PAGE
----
Kansas City Chiefs tight end Travis Kelce and his older brother — Philadelphia Eagles center Jason Kelce — host a weekly podcast called “New Heights.” The title is an homage to the Cleveland Heights, Ohio neighborhood in which they grew up.
“New Heights” with Jason & Travis Kelce | Jukes Original Presented by Wave Sports + Entertainment | You can also listen to the show on Spotify.
1. Travis addressed his first pitch in Cleveland
Nobody is going to razz you like your older brother. So it was no surprise when Jason was ruthless toward Travis when the conversation turned to his less-than-stellar ceremonial first pitch before a recent Cleveland Guardians game.
“He did his best impersonation of Jose Mesa,” said Jason, “and he nailed it!”
Jason was referring to the Cleveland pitcher’s ninth-inning meltdown in Game 7 of the 1997 World Series. In that inning, the Miami Marlins tied the game — and then took the series from Cleveland in extra innings.
Afterward, Mesa’s own teammates suggested that he hadn’t been in the right mindset for the game. One of his most notable critics was teammate Omar Vizquel.
“The eyes of the world were focused on every move we made,” Vizquel wrote in his autobiography. “Unfortunately, Jose’s own eyes were vacant. Completely empty. Nobody home. You could almost see right through him. Not long after I looked into his vacant eyes, he blew the save and the Marlins tied the game.”
In response to his brother’s teasing, Travis cracked up laughing.
“It’s a team game,” he said of Mesa. “He could have won it. You can’t blame it on one guy. We wouldn’t have been there without him, though.”
Then Travis defended his own performance.
“I was never special on the mound,” he noted. “I was never comfortable on the mound. When I played baseball, I was a right fielder.”
Besides... there was someone else upon whom Travis could place the blame: their mother.
“Mom was supposed to throw it!” he said. “If I would have known that I was throwing it the entire time, I would have been on the mound all week — getting my fastball right.
“I have to redeem myself. I have to get back out on that mound. I’ll have to ask Pat Mahomes. He’s the owner of the Royals. I’m going to see if I can get the Royals to give me a chance.”
But Jason wasn’t about to let Travis of the hook. After all, there was still another Kelce parent that could be brought into the conversation: their father.
“Did you talk to the man who taught you how to throw a ball?” he asked Travis.
“No. I couldn’t even look him in the eye.”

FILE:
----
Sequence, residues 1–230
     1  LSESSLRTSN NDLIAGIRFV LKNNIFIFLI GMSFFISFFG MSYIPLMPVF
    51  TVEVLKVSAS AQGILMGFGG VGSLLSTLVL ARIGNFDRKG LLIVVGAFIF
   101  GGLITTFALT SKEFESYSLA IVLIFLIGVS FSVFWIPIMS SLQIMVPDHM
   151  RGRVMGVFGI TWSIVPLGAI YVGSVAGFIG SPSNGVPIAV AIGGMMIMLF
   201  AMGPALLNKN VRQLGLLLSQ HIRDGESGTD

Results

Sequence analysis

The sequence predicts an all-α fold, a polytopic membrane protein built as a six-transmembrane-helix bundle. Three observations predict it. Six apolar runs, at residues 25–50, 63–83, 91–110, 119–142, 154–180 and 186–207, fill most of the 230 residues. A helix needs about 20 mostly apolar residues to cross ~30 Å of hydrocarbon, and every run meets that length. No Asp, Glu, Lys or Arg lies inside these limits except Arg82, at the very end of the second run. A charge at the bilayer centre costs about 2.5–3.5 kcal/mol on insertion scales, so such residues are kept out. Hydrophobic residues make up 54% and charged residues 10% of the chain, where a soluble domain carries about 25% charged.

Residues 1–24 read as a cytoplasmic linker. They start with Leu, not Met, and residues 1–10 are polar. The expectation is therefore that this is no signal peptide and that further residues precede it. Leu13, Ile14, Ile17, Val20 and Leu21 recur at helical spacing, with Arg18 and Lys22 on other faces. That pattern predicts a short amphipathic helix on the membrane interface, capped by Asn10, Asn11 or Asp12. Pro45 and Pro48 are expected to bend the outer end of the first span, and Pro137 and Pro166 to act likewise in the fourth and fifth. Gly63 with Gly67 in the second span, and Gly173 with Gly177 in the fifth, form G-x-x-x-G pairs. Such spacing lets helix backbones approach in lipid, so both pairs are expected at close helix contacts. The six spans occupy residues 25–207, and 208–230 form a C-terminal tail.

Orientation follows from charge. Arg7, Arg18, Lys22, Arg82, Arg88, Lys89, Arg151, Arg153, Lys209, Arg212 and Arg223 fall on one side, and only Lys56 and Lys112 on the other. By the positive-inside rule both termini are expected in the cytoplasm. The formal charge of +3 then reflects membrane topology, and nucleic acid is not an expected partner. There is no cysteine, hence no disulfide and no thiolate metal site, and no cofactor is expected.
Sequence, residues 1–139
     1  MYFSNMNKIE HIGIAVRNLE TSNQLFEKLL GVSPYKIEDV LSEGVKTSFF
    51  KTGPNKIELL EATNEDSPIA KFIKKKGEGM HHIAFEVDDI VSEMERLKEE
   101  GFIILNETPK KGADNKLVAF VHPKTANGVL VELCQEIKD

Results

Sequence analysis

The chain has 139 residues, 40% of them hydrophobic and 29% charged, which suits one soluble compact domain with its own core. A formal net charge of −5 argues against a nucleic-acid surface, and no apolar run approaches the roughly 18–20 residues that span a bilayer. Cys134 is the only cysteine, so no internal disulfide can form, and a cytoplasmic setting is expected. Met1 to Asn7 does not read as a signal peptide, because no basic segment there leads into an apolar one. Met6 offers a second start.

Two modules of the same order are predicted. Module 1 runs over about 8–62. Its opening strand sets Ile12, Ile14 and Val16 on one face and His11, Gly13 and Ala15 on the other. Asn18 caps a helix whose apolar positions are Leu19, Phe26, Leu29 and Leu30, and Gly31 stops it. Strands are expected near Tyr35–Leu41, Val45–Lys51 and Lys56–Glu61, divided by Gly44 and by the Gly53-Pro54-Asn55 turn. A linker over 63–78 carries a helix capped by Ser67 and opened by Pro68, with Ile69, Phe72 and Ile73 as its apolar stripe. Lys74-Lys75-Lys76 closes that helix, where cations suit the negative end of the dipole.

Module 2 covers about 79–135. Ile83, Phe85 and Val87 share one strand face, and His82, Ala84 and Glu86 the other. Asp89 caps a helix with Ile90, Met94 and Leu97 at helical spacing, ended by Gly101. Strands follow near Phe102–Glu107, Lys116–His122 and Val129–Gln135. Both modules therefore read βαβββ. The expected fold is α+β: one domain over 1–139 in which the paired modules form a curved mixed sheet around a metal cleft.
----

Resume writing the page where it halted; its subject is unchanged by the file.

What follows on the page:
Jason bored in.
“You went from winning the Super Bowl — which is every dad’s proudest moment — to just ruining the first thing that he ever taught you in life? How to throw a ball?”
2. Small school guys are the hardest to evaluate in the draft
While previewing next week's NFL Draft from Union Station in Kansas City, Travis said the most difficult players for scouts to evaluate are from the NCAA divisions where which the smaller schools reside: D-II, D-III and so on.
“You’re not going up against the biggest guys,” he explained. “Most of the time, all of the big guys go to the SEC or one of these Power 5 conferences. And I feel like there’s always a question in the air of if their game is going to translate to the NFL.
“Man, it’s fun when it does... you feel like you found a hidden gem — a diamond in the rough.”
3. Sauce Gardner sent Aaron Rodgers a picture of him wearing a cheesehead
Speaking with the Kelces, the cornerback talked about rubbing the Green Bay Packers quarterback’s nose in the Jets’ victory at Lambeau Field last season.
“One of the fans took the cheesehead off the Packers fan and gave it to me — and I was like, ‘Appreciate you,’ recalled Gardner. “Talking about Aaron Rodgers? My first text message to him was a picture of [me in] the cheesehead. I didn’t even say no words, I just sent him a picture and clicked Send.
“He just texted me back like, ‘Why do you have that? LOL’”
Whether or not the Jets and the Packers are able to work out a trade for Rodgers remains to be seen — but Gardner hopes they do.
“I would never expect to be able to have somebody like that on my team,” he noted. “I’m hoping it happens. That would just be great for me and the whole organization.”